In February 20, six weeks into his first term as Rhode Island’s attorney general, Patrick C. Lynch ’87 drove to Ashland, New Hampshire, to join his family for a long weekend away from Providence. When he arrived, the kids were already in bed, so he ate dinner with his wife and went to sleep. Not long after, he woke to the voice of his seven-year-old daughter. “Dad,” she said, “your phone’s ringing.” His pager was going off, too. The message: the Station, a club in West Warwick, Rhode Island, was burning. Many people were feared dead.
Lynch said a prayer, kissed his wife good-bye, and within minutes was on his way back to Rhode Island to begin asking questions about a blaze that would eventually kill ninety-nine people and injure nearly twice that number. When Lynch arrived at the scene around daybreak, rescuers were still pulling bodies from the rubble. As a former prosecutor Lynch has handled a number of murder cases, but nothing, he says, compares to what he saw in West Warwick. “This was a war zone,” he says.
Ever since that night, Lynch has been overseeing the criminal investigation into the fire, which was ignited by pyrotechnic props during a concert by the band Great White. How Lynch handles this case could make or break his fledgling political career. As he tries to uncover the facts of the case, he must balance justice with the concerns of ninety-nine grieving families, 186 injured victims, and a community crying out for someone to blame. “It keeps you focused on your job,” he says, “but it cannot dictate how we conduct ourselves in this investigation.”
With the fire also came a fleet of news reporters—from local stations as well as from CNN and the BBC—seeking details on the investigation. Appearing on the Today show, Lynch explained to the nation how the tragedy affected his home state. “They say there are six degrees of separation in this world,” he said. “In Rhode Island, there’s a degree and a half. The pain rips through this community quicker than any other.” But Lynch has otherwise remained tight-lipped with the press, refusing, for example, to confirm or deny the existence of a grand jury, even though it is now common knowledge that one has been convened. Lynch admits that he’d like to speak more freely, but he believes he doesn’t have that luxury. “Any piecemeal offering of information,” he says, “is a disservice to the families.”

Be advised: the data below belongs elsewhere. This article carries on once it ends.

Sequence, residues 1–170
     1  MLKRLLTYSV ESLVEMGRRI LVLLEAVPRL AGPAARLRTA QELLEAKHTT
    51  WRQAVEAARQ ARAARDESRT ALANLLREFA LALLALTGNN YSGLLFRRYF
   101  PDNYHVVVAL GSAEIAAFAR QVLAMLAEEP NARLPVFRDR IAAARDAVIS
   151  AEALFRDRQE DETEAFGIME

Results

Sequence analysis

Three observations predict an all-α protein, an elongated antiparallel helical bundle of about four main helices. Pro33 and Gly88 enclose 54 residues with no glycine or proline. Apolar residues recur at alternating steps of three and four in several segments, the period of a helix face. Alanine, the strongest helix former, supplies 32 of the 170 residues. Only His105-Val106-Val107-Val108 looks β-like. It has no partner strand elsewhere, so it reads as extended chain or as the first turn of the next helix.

During the 1990s, Lynch, the son of a former mayor of Pawtucket, Rhode Island, and the brother of the state Democratic Party leader, served as a special assistant attorney general, working as lead prosecutor in the narcotics and organized crime unit before joining a private firm. The six-foot-five Lynch was a basketball star at Brown and played the sport professionally for a time in Ireland. He still wears the championship ring he won in 1986, when the Bears won their first-ever Ivy League title.
In his new job as attorney general, Lynch supervises a staff of 230, including about ninety prosecutors, and a $17 million budget. Even as the West Warwick case progresses, Lynch and his staff must stay on top of the other criminal and civil cases that flow into the office. In the days after the fire, an eighty-one-year-old woman was beaten to death in Newport. Later a story broke that phones used by officers and witnesses in the Providence police department had been wired. In both cases, as in thousands of others each year, Lynch is in charge. “The pressures on this office haven’t stopped,” he says. “This is trench warfare.”